Elliott, Badgers end skid

Wisconsin netminder posts shutout, showing signs of the player he was before he injured his knee

MADISON—After losing its chance to clinch the MacNaughton Cup last weekend, the Wisconsin men's hockey looked to find any type of momentum they could going into the postseason. On Friday night, the Badgers found just what they needed; returning to the style of play that saw Wisconsin go 13 straight games without a loss.

UW's offense struggled to find its niche and its power play was hardly effective against St. Cloud State, the best penalty killing team in the Western Collegiate Hockey Association (86 percent). However, what mattered most for Wisconsin was the hard-hitting Badger defense playing its best game in nearly two weeks and having Brian Elliott record his first shutout in almost three months as Wisconsin beat the St. Cloud Huskies 1-0 on Friday night at the Kohl Center.

From the opening faceoff, it was evident that goals would be at a premium for both teams. Through the first two periods, the Badgers struggled to get going offensively; mishandling the puck, turning the puck over in their zone and registering multiple offsides penalties. The Badgers were able to stay in the game though; thanks in large part to their penalty kill. After being overwhelmed by Minnesota State's offense last weekend, Wisconsin shut down SCSU's power play, as the Huskies went 0-for-7 on the man-advantage and only managed seven shots on goal on the power play.

"In the WCHA, if you're power play is not going to score; you are not going to win," St. Cloud head coach Bob Motzko said. "I don't think we got three Grade A chances all night [on Elliott]. He had to make a couple on some of our long shots on the point, but we made it pretty easy for Elliott."

"They were vital because they killed seven [attempts] off," head coach Mike Eaves said of the Badger penalty killers. "As usual, one of your best penalty killers has to be your goaltenders. Our guys did a pretty good job of getting low, blocking shots and cutting down whatever shots that got to Brian. We did a good job off the ice when we had the opportunity to limit their time in our zone. Overall, we did a lot of good things and we need to continue to do that."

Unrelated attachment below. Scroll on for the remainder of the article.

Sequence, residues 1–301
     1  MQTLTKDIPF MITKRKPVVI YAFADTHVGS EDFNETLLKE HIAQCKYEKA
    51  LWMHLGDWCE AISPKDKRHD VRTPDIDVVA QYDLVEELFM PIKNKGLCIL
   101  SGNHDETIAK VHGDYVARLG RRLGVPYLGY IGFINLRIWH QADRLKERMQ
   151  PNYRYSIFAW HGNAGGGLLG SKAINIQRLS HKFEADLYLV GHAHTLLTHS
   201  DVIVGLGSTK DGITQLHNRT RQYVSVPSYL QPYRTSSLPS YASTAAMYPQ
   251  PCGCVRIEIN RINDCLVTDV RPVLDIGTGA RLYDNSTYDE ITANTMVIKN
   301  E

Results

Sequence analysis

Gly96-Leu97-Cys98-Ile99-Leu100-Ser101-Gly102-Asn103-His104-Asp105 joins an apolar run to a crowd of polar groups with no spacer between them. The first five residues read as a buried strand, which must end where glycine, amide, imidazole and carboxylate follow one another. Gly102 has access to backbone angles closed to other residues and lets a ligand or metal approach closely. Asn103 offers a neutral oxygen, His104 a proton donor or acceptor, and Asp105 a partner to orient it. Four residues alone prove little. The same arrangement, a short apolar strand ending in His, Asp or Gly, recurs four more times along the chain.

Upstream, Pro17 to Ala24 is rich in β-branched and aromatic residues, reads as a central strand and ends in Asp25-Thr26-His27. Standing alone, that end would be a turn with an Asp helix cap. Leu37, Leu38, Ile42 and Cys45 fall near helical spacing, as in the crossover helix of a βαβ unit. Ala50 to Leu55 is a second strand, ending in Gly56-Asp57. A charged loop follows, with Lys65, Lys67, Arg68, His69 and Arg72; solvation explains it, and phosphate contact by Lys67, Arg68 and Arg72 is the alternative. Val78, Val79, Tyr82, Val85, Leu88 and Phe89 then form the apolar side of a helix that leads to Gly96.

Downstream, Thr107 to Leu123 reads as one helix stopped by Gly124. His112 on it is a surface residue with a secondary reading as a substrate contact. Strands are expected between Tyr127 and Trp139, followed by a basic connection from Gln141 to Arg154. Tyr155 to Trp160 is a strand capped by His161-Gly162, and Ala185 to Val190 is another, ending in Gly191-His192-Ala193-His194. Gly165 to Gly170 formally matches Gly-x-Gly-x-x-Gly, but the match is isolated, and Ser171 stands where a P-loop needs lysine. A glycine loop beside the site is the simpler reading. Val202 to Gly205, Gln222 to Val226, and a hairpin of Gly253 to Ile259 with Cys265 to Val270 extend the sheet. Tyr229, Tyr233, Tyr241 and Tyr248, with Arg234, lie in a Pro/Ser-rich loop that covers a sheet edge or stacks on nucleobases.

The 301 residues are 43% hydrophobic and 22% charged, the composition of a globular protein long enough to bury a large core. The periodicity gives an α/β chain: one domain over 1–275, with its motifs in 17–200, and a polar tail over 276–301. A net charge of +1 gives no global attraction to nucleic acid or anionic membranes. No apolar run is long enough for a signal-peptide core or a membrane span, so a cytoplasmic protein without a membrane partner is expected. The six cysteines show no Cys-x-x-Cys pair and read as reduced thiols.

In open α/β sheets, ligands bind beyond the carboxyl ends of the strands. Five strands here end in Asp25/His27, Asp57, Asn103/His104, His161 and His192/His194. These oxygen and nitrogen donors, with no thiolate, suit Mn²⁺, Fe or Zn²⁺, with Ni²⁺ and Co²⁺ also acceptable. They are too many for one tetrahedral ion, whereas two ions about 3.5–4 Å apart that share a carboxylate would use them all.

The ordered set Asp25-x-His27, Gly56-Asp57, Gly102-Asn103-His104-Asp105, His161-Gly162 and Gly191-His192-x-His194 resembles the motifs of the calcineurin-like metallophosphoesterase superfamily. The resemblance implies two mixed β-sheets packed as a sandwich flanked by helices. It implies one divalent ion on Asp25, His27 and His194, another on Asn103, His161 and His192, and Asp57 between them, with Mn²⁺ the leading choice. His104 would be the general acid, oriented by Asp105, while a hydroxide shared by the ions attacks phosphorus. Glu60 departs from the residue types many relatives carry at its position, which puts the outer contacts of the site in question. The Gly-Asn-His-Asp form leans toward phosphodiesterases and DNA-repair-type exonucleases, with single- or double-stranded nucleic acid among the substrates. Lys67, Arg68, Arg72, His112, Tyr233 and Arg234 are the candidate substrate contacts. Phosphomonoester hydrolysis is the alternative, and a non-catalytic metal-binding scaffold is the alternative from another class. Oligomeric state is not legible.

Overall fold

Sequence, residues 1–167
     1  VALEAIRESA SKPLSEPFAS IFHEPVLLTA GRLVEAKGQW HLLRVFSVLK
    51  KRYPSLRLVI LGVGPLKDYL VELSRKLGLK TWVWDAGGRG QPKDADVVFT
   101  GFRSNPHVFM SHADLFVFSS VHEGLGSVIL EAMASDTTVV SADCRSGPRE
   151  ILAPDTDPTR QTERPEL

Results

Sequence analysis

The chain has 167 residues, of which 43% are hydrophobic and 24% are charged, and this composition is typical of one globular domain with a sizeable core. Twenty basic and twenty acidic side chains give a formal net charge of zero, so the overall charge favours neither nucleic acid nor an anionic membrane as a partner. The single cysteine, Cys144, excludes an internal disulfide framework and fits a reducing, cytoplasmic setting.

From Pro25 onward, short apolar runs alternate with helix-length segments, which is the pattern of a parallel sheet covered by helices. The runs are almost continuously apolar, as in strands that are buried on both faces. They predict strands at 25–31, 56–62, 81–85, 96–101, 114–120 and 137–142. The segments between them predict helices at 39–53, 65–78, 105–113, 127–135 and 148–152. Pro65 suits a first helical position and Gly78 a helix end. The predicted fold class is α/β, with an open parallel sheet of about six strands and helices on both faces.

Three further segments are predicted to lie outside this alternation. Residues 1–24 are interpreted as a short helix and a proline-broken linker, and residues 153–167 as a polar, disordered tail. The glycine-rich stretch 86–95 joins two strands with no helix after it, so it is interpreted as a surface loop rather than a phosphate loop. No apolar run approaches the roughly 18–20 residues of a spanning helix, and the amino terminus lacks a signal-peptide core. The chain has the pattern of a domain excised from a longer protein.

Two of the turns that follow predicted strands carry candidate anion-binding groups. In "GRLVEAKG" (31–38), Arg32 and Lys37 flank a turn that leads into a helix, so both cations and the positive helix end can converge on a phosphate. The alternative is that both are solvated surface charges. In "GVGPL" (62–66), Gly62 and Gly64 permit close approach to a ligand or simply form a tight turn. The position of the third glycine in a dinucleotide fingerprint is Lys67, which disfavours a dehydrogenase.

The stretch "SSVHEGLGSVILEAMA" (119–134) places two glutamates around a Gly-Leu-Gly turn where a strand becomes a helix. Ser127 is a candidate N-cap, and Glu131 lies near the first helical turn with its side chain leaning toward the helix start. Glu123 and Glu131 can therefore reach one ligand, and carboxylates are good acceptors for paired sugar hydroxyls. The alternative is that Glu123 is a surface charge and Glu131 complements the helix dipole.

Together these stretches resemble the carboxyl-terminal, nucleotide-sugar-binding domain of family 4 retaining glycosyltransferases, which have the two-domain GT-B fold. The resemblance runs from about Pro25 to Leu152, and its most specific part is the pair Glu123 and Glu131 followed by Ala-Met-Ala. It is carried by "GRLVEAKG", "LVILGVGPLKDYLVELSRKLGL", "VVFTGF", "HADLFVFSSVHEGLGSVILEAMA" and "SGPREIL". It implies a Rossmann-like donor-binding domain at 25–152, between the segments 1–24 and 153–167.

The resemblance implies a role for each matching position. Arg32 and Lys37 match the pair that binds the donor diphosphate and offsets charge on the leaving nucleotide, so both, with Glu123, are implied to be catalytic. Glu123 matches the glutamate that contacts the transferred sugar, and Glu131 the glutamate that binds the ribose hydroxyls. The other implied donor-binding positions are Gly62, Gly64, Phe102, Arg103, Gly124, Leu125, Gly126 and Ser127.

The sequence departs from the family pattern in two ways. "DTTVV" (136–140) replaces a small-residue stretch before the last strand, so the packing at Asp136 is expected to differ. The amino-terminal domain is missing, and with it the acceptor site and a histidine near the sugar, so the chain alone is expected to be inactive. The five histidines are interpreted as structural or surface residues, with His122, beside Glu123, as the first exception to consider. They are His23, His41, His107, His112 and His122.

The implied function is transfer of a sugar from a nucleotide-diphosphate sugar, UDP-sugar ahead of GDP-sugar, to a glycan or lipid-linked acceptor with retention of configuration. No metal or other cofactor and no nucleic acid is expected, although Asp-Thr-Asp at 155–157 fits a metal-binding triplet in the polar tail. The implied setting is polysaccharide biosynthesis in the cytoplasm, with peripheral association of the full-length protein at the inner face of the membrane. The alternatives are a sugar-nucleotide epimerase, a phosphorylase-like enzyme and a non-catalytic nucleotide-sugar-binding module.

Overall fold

With two of the top goaltenders in the WCHA facing off against each other in the series, both players lived up to their billing. Elliott secured 27 attempts while St. Cloud's Bobby Goepfert saved 25 shots. However, it was the one goal that Goepfert could not stop, a shot by Robbie Earl that sneaked under his left pad, and the ineffectiveness of St. Cloud's offense, that proved to be the difference makers.

"They wore us down physically," Motzko said. "Our defense was just pooped at the end and we just couldn't sustain anything on the offensive zone. We turned the puck over, missed the net and by the end (of) the game, it was just going to come down to who was going to make one play and Robbie Earl makes the play."

In a game that was an important turning point for both teams' post-season aspirations, it was the struggling Elliott that secured his first win since beating Colorado College on Jan. 14.

In what could prove to be the game that turns the Badgers around as they look to make a run to the Frozen Four in Milwaukee, Elliott played like he had in the midseason, being patient between the pipes and letting the action of the game come to him instead.

"I don't think [St. Cloud] had a bunch of Grade A scoring chances but when [Elliott] had to see and control the puck, he did a nice job," Eaves said.

"When you get back into the net after being out for five weeks, it's obviously going to be tough," Elliott said. "I had a talk with (goaltending coach Bill) Howard and he told me to just play; he wrote that on the board [in the locker room] before we went out. I think that helped us breath a little easier out there and to let us know that we can play this game... I had to make a couple tough saves but, other than that, the guys forced them to shoot from the perimeter and made my job easier."

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